Over the years, Martinsville has not just hosted Monster Energy NASCAR Cup Series races, but has also held events for lower-tiered series in NASCAR.
One of those was an event for NASCAR’s Whelen Modified Tour, which is where current points leader Martin Truex Jr. first learned about the historic half-mile.
“Growing up, I didn’t know much about stock car racing,” he said. “I really only knew what I heard from my dad and my uncles hanging around the shop where they built their modifieds. But I always heard stories about Martinsville. They’d come down once a year to run the modified race here. It wasn’t a Cup race, but it was a big deal for a bunch of clammers from New Jersey that race modifieds on the weekends!”
“I think it’s awesome that we all still come here. That we value the birthplace and the heritage of where short tracks came from in this sport. It’s a tough little race track and I think it’s always been that way. Hopefully one day I’ll be able to conquer it and get that clock!”
Today, that list of races also includes a late-model event that draws many of short track racing’s best from Virginia, the Carolinas, and beyond.
That event is where many young drivers run their first Martinsville race, and has made this a popular place to make NASCAR debuts in one of the two Camping World Truck Series events held here annually (incidentally, Martinsville is one of the few tracks to remain on the Truck Series schedule every year since its inception in 1995).
And for those who complain that NASCAR has forgotten its roots (as many did when the nationwide expansion hit its peak in the mid-2000s), Martinsville is the perfect antidote to the superfacilities that have sprung up.
If you’re curious, the nationalization experiment from the 1990s and 2000s backfired spectacularly.
The Labor Day weekend race that went to California eventually came back to Darlington in 2015, after oversaturation of the Los Angeles market ruined attendance numbers.
While Martinsville wasn’t directly affected by all of the schedule realignment, it did benefit from it massively, as fans who were displaced by the loss of North Wilkesboro and Rockingham came to Martinsville instead.
The surge in attendance, combined with the failures out West, underscored the importance of tracks like Martinsville to the sport: its history is undeniable and its throwback nature provides the kind of close-quarters racing that fans from NASCAR’s home region appreciate most.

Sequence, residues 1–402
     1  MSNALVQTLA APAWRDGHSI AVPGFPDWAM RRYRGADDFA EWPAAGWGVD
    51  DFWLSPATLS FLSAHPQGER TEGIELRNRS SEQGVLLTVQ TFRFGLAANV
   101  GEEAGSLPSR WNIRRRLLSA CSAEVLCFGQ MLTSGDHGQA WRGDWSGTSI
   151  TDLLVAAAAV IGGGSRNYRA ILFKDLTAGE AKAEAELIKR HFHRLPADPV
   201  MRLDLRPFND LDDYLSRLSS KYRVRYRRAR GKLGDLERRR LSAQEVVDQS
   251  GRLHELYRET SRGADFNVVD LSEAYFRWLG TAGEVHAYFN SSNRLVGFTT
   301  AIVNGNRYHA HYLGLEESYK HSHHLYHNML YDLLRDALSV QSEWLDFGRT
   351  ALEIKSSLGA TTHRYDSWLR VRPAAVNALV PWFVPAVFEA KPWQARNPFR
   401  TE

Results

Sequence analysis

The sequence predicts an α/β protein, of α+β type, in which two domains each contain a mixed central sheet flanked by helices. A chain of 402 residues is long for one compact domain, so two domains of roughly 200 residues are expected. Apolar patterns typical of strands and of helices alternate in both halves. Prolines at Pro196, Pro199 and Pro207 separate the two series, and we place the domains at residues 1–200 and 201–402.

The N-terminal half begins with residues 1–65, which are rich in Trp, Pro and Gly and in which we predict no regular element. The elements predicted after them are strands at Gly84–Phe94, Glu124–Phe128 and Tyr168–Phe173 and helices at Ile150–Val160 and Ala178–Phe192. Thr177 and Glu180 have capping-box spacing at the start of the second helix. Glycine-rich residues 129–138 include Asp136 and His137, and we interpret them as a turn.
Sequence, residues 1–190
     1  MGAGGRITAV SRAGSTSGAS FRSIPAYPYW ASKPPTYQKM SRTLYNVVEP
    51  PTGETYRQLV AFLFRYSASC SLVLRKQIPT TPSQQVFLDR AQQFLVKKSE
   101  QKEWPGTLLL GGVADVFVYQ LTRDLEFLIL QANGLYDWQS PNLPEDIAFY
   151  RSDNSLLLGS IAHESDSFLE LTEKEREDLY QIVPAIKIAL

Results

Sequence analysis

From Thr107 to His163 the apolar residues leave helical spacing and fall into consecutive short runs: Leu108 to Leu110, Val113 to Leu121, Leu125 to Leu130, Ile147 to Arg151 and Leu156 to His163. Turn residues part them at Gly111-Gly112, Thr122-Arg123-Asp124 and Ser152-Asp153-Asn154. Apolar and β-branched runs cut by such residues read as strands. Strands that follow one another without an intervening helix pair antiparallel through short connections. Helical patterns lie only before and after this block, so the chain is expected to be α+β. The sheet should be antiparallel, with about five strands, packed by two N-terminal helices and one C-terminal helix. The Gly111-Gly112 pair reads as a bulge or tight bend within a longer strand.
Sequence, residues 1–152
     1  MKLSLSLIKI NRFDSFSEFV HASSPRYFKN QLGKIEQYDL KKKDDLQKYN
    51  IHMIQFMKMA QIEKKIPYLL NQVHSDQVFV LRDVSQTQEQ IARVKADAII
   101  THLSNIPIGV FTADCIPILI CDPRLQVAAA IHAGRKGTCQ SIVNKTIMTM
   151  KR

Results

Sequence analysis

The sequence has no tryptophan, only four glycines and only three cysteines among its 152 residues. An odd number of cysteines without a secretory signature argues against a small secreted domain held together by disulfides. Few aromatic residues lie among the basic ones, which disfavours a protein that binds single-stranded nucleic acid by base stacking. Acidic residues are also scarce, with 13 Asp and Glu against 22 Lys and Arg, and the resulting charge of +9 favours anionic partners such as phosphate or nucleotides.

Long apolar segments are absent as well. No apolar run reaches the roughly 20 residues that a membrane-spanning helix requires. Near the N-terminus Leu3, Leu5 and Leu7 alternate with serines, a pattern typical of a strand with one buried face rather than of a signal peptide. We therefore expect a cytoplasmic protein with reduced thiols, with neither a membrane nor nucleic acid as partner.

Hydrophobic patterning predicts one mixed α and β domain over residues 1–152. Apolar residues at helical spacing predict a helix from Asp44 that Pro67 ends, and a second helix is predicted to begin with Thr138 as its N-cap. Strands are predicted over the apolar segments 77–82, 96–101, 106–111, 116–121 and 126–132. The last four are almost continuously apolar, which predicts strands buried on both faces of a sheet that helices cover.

Those fans drove home the importance of Martinsville to NASCAR, and NASCAR now recognises how untouchable its two races are every year. Martinsville will be around, and be around for many years to come, as a result.
For me, that’s a good thing, because I miss those hot dogs dearly, and I could go for one right about now!
I look forward to the next chance I have to stuff my face with them.
But until then, let’s buckle up and go racing!
The opinions expressed are those of the writer and do not necessarily reflect the views of Race Chaser Online, the Performance Motorsports Network, Scorpion Radio Group, their sponsors or other contributors.
About the Writer
James Pike is a multi-faceted reporter for Race Chaser Online and a former analyst on the Motorsports Madness radio show, airing at 7 p.m. Eastern every Monday on the Performance Motorsports Network.
Pike is a graduate of the Motorsports Management program at Belmont Abbey College and is originally from Winston-Salem, N.C., having grown up in the shadow of the legendary Bowman-Gray Stadium.
He is the founding correspondent for Race Chaser Online’s coverage of Australian Supercars, and he is currently pursuing a Master’s degree in International Sports Journalism overseas at St. Mary’s University in Twickenham, England.
Pike’s past coverage with Race Chaser Onliine includes work with multiple regional touring series in the Carolinas, including the NASCAR Whelen All-American Series, NASCAR K&N Pro Series East and the CARS Tour.
Email James at: RaceChaserJames@gmail.com
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